He also asked about the difficulties surrounding the election of the governor which resulted in the election being delayed for two years. Yunus explained that  the problems had emerged because of a dispute in the MK (This presumably refers to the Constitutional Court – Tapol).

With regard to education, the ambassador said that the US is willing to help by providing study opportunities to young Papuans in the US.

Yunus asked the ambassador how many indigenous Papuans were now studying in the US, adding that they were keen to know the names of these people, to see whether they were indeed indigenous Papuans.

The DPRP also called on the US  to support the idea of dialogue between Jakarta and Papua. He said that they would not use this dialogue to press for independence  for Papua but were only interested in advancing the implementation of the special autonomy law.

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Talks with military personnel

Marciel said that the US was very impressed by the developments that had already been achieved and also with the reforms that had been made with regard to the TNI (the Indonesian army). These remarks were made during a meeting between the ambassador and senior officers of the provincial military command. On this occasion the ambassador met the chief of staff of the military command along with seven other senior officers.

In a press release issued by the US team, the ambassador referred to Freeport and asked for clarifications about the company and wanted to know whether there could be more collaboration (with the company) in education, culture and security.

The chief of staff explained that according  to Law 34/2004,  the military were now implementing ‘soft power’ in their territorial operations in Papua, and were keen to assist in speeding up development and human resources so as to ensure that West Papua would not continue to lag behind other parts of Indonesia.

In response to the ambassador’s question as to why the duties of the military command in West Papua were so much greater here than elsewhere and required a very different approach, the chief of staff said that the military were acting in accordance with their noble duties as ‘Noble Protectors of the People’  (Ksatria Pelindung  Rakyat).

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MRP Meeting

During a meeting with the first deputy chairman of the Majelis Rakyat Papua (Papuan People’s Council) Hofni Simbiak, the ambassador said he wanted to know more about the election of the governor and to know more about governmental affairs in the Province of Papua. Hofni said that even a very large tree could be felled at any time.  Because of this, he said that he hoped that there would be more diplomatic visits to Papua so as to give guidance on leadership on the province.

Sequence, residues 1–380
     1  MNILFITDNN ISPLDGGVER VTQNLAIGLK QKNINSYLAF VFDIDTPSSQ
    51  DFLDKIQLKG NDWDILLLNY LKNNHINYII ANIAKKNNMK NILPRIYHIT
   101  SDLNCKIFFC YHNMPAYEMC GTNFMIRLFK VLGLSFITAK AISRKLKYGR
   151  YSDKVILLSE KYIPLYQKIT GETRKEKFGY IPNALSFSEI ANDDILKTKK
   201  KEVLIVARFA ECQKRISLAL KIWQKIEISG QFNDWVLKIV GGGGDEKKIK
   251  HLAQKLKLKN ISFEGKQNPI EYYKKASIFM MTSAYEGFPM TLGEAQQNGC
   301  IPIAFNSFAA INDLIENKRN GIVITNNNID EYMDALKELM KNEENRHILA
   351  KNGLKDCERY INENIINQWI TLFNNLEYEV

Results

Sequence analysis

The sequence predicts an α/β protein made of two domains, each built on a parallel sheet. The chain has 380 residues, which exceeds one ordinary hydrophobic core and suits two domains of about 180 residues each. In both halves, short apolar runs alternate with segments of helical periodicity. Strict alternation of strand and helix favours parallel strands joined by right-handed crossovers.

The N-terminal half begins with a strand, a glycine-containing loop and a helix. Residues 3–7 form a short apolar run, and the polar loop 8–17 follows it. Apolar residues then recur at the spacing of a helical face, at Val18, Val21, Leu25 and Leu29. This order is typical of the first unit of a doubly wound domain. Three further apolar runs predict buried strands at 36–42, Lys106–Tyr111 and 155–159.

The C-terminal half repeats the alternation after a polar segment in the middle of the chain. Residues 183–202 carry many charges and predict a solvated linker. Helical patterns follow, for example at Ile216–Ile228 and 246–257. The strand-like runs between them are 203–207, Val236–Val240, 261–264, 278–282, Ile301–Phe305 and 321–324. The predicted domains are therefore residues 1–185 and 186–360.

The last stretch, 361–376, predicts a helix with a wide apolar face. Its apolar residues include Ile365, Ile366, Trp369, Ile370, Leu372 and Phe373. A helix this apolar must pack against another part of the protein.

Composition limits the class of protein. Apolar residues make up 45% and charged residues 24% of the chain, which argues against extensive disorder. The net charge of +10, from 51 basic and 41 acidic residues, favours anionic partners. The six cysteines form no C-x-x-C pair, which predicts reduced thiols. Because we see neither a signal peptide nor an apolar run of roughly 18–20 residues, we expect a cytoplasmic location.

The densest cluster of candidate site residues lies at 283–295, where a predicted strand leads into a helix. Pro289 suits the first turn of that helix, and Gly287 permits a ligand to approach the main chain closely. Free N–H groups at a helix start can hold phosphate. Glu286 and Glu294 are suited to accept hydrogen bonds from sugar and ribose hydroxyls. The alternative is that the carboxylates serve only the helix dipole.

He said that the ambassador’s visit was a good opportunity to discuss the gubernatorial problem, as well as the whole process of government. in the province.  He said that they were very interested in this matter so as to ensure the the common people would not be victims of this situation.

He explained that because of the continued absence of an elected governor, no budget had been produced and there was no one who could take responsibility (for finances).  This was having serious consequences for the people.  (Simbiak) said that they had urged the KPU (Electoral Commission) to discuss this matter with the provincial government and to take firm action on the matter.   He said it was extremely important for a governor to be elected because without this, the services provided by the governor were not available and this was leading to big problems for the people.

The ambassador said that the American people were aware of the difficulties regarding the governor and said: ‘We are having an election of our president in the US and face the same situation as you here in Papua because we are keen to provide help for the government here in the fields of education, health and forestry.’

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Meeting with Tito Karnavian

In a meeting with Inspector-General of the  Police Force, Tito Karnavian,  the ambassador expressed support for  the developments already achieved by the police.

The chief of police said that when they were confronted with acts of violence, they always act in accordance with the law and in a professional manner, keeping the use of violence to a minimum. He also spoke about their activities to combat corruption so as to ensure that the development budget could serve the interests of the people.

He said that the ambassador had stressed the importance of  transparency and in case of acts of abuse by the police, everything should be made public.  When he asked in what way the US could help, the chief of staff said that they could be given advice on how best to deal with demonstrations.   The second point he made was that for purposes of investigation, the difficulty is that there is no forensic laboratory in Papua.  His third point was about the need for working together especially with Bhayangkari (the organisation of wives of the military), in particular with regard to partnerships with the people.

In response, the ambassador expressed great enthusiasm and said he hoped that joint programmes would be conducted in the next four or five years.

Marciel also expressed support for the police pursuing a lenient approach and the need to avoid projecting an image of the police as being involved only in arresting and detaining people but should prioritise activities that bring them close to the people.

[Translated by TAPOL]

[COMMENT: There is no mention at all of the ambassador having met leaders of Papuan organisations such as DAP, the Council of Indigenous People, KontraS Papua, ELSHAM-Papua or other people’s organisations.]